'Noah's flood' kick-started European farming

Nov 19, 2007

The flood believed to be behind the Noah’s Ark myth kick-started European agriculture, according to new research by the Universities of Exeter and Wollongong, Australia.

Published in the journal Quaternary Science Reviews, the research paper assesses the impact of the collapse of the North American (Laurentide) Ice Sheet, 8000 years ago. The results indicate a catastrophic rise in global sea level led to the flooding of the Black Sea and drove dramatic social change across Europe. The research team argues that, in the face of rising sea levels driven by contemporary climate change, we can learn important lessons from the past.

The collapse of the Laurentide Ice Sheet released a deluge of water that increased global sea levels by up to 1.4 metres and caused the largest North Atlantic freshwater pulse of the last 100,000 years. Before this time, a ridge across the Bosporus Strait dammed the Mediterranean and kept the Black Sea as a freshwater lake. With the rise in sea level, the Bosporus Strait was breached, flooding the Black Sea. This event is now widely believed to be behind the various folk myths that led to the biblical Noah’s Ark story. Archaeological records show that around this time there was a sudden expansion of farming and pottery production across Europe, marking the end of the Mesolithic hunter-gatherer era and the start of the Neolithic. The link between rising sea levels and such massive social change has previously been unclear.

The researchers created reconstructions of the Mediterranean and Black Sea shoreline before and after the rise in sea levels. They estimated that nearly 73,000 square km of land was lost to the sea over a period of 34 years. Based on our knowledge of historical population levels, this could have led to the displacement of 145,000 people. Archaeological evidence shows that communities in southeast Europe were already practising early farming techniques and pottery production before the Flood. With the catastrophic rise in water levels it appears they moved west, taking their culture into areas inhabited by hunter-gatherer communities.

Professor Chris Turney of the University of Exeter’s School of Geography, Archaeology and Earth Resources, lead author of the paper, said: “People living in what is now southeast Europe must have felt as though the whole world had flooded. This could well have been the origin of the Noah’s Ark story. Entire coastal communities must have been displaced, forcing people to migrate in their thousands. As these agricultural communities moved west, they would have taken farming with them across Europe. It was a revolutionary time.”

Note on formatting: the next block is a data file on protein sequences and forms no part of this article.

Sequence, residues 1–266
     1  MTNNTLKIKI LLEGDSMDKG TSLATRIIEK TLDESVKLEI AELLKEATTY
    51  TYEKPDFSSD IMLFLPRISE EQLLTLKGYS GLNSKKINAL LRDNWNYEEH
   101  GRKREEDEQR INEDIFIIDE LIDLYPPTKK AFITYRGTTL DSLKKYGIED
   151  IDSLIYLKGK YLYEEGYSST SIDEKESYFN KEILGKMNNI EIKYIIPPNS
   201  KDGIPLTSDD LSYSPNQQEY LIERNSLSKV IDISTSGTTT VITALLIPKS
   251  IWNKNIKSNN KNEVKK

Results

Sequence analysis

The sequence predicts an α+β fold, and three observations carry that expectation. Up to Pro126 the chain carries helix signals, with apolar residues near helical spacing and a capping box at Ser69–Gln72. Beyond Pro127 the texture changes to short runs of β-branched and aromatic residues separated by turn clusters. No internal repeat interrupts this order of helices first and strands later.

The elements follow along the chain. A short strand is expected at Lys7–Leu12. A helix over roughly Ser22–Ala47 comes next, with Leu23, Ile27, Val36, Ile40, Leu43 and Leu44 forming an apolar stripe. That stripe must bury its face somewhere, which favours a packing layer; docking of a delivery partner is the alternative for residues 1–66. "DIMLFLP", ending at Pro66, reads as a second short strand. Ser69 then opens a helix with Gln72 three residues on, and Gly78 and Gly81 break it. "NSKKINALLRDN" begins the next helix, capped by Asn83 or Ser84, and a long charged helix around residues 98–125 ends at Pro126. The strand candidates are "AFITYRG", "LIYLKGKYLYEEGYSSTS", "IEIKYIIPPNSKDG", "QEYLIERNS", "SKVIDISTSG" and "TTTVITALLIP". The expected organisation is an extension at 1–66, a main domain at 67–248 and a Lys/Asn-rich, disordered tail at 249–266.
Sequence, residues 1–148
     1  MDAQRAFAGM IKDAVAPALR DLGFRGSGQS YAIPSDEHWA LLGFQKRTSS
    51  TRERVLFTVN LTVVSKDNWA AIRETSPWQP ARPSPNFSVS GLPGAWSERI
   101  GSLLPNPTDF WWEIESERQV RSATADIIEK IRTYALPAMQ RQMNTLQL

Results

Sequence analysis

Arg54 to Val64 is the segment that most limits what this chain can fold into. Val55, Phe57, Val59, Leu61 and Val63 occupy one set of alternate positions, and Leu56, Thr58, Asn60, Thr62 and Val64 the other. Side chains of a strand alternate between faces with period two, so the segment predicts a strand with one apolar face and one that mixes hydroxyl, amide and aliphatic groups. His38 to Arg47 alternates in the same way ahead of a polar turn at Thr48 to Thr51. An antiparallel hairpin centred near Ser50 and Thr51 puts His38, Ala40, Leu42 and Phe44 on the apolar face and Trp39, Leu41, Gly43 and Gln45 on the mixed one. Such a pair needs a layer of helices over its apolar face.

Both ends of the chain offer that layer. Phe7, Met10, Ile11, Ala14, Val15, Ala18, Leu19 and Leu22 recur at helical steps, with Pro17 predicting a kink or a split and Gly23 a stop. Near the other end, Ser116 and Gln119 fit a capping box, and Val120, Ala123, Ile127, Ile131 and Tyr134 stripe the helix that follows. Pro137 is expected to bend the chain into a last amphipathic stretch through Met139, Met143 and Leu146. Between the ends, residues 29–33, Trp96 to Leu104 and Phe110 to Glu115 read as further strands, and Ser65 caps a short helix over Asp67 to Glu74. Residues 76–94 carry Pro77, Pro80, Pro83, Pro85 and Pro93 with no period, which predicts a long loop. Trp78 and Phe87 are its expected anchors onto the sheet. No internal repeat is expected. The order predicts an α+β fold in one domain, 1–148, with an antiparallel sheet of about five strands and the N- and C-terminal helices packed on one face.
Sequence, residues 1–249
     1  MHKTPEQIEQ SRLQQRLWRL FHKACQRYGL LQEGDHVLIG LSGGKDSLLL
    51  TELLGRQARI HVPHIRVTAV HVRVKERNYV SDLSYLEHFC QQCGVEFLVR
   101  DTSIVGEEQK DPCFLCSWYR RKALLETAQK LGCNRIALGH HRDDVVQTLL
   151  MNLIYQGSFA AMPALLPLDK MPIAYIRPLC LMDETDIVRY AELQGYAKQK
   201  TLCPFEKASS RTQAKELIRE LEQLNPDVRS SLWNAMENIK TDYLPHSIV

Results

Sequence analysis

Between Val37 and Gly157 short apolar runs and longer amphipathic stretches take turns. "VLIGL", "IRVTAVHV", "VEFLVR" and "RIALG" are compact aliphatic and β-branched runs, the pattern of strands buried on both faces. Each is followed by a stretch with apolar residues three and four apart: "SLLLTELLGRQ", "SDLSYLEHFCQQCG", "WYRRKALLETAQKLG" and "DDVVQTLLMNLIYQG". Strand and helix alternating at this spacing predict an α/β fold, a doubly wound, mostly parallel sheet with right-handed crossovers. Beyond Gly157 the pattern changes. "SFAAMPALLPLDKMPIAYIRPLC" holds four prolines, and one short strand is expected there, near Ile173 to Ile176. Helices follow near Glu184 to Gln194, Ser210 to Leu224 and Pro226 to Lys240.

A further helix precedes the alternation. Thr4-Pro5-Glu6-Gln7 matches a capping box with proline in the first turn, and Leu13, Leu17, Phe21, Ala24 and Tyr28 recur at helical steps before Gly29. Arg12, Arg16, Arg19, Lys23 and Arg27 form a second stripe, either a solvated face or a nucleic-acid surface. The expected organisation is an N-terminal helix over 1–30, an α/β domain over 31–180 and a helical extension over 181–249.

The rise in global sea levels 8000 years ago is in-line with current estimates for the end of the 21st century. Professor Chris Turney continued: “This research shows how rising sea levels can cause massive social change. 8,000 years on, are we any better placed to deal with rising sea levels? The latest estimates suggest that by AD 2050, millions of people will be displaced each year by rising sea levels. For those people living in coastal communities, the omen isn’t good.”

Source: University of Exeter

Explore further: Asbestos likely more widespread than previously thought

add to favorites email to friend print save as pdf

Related Stories

Researchers use ancient gene to study virus biology

16 hours ago

Researchers at the University of Delaware have discovered that an ancient gene—ribonucleotide reductase (RNR), which occurs in all cellular life—provides important biological insights into the characteristics ...

Rising sea levels of 1.8 meters in worst-case scenario

Oct 14, 2014

The climate is getting warmer, the ice sheets are melting and sea levels are rising – but how much? The report of the UN's Intergovernmental Panel on Climate Change (IPCC) in 2013 was based on the best ...

Few US states preparing for climate change, study says

Oct 10, 2014

Fewer than half of American states are working to protect themselves from climate change, despite more detailed warnings from scientists that communities are already being damaged, according to a new online clearinghouse ...

Recommended for you

Understanding oceanic earthquake precursors

1 hour ago

Published on 14 September in Nature Geoscience, a study conducted by researchers from several institutes, including IFREMER (French Research Institute for Exploitation of the Sea), CNRS and IFSTTAR, offers the first theore ...

NASA image: Fires in the Egypt River Delta

16 hours ago

This NASA satellite image is of the Egyptian River Delta. Actively burning areas, detected by MODIS's thermal bands, are outlined in red. Each hot spot, which appears as a red mark, is an area where the thermal ...

Terra Satellite sees Tropical Storm Ana over Hawaii

16 hours ago

Tropical Storm Ana made a slow track west of the Hawaiian islands over the last couple of days, and by Oct. 20 was moving westward away from the main Hawaiian islands and heading toward the northwest Hawaiian ...

User comments : 2

Adjust slider to filter visible comments by rank

Display comments: newest first

Reaper6971
3 / 5 (2) Nov 19, 2007
LearmSceince
5 / 5 (1) Nov 19, 2007
Reaper: Interesting in itself, but what does it have to do with the Black Sea and climate change?